The Back 70 was closed, so from there we stopped for a Stripes Taco (you can’t visit South Texas without trying a Stripes Taco J) before heading up to Hargill. A Lark Sparrow was sitting on a fence wire at the intersection of 1st Street and Lincoln, followed shortly by a Savannah Sparrow! The resident Snowy Plovers were being reported (which I hadn’t logged during Saturday’s Birdathon), but because it was overcast, viewing conditions were 1000% better! Highlights included both Black-necked Stilts and American Avocets, a few American Golden Plovers still around, lots of Wilson’s Phalaropes, a single Semipalmated Plover, and the continuing Reddish Egret, along with more little shorebirds I just couldn’t ID (except for a Western next to a Least where you could see the size difference). My heart skipped a beat when I spotted a Sanderling along the shoreline, however, as that’s a rare bird inland, but started snapping pictures after only a quick look, and the only things the camera captured were more peeps (that were not Sanderlings) and the Snowy Plover!! I had hastily reported the Sanderling on the local RBA and had to renege, but to this moment I still have a Sanderling picture in my brain, so who knows… (What the camera also captured that I didn’t notice at the time was a Spotted Sandpiper, so had to add that one to the list after the fact, and I also found out later that someone had gone there the next day and had seen a Sanderling, so maybe I wasn’t losing my mind! J) A couple of local ladies bounced by in their truck (all a little rough around the edges – one of them offered us a beer out of the blue J) and chatted with us, and they actually remembered all the birders flocking to this spot when the Collared Plover showed up years ago! They were curious about the scope so I set it up on a Snowy Egret, which produced the expected ooohs and ahs! While we were talking a small flock of Franklin’s Gulls sailed by behind them!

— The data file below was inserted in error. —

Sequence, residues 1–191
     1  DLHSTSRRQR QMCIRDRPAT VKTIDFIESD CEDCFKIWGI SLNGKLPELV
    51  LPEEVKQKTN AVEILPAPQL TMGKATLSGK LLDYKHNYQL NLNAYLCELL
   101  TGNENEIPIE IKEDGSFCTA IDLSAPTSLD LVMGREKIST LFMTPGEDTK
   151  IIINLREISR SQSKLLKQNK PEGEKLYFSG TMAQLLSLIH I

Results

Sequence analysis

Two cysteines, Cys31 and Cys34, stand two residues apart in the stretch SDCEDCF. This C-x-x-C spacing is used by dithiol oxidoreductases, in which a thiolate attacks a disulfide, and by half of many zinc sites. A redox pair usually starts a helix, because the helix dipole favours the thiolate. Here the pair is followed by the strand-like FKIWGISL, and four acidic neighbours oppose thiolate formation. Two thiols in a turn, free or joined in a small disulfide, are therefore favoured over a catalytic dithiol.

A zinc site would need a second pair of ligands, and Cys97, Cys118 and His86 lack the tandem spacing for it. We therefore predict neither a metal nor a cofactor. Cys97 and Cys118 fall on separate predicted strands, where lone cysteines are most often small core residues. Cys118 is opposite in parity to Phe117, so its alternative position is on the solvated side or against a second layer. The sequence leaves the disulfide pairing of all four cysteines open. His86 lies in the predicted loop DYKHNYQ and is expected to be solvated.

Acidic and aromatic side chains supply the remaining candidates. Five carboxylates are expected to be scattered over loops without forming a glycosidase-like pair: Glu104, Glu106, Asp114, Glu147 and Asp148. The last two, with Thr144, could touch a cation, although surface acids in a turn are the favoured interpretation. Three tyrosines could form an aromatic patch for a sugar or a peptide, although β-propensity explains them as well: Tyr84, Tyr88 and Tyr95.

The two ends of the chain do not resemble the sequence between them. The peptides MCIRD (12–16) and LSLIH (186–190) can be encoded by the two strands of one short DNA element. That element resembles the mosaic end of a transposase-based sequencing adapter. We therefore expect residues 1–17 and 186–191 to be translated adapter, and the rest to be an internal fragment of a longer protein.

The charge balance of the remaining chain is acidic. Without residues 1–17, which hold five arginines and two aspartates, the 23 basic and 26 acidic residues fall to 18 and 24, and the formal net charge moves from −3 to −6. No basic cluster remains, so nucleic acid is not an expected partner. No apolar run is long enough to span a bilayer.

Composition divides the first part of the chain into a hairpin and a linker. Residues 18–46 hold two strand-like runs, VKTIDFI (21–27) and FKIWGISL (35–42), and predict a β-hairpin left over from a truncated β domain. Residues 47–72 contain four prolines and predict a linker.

From there we continued on 1st Street heading east and checked out the two wetlands, only adding a Least Grebe to the day list but got a great look at a White-faced Ibis. So from there we headed up to CR-20, where a handful of White-tailed Hawks circled around at the intersection with SR 186! There actually was some water left; lots of Gull-billed Terns were here in addition to more Franklin’s Gulls, and a Lesser Yellowlegs conveniently called to help us ID it! I tried hard to turn some distant shorebirds into Hudsonian Godwits, but it didn’t work… J Several Dickcissels sat on dead sprigs, and Chris spotted a pair of Caracaras, which was very fun! Several Swainson’s Hawks sailed over the fields (heading the wrong direction J)!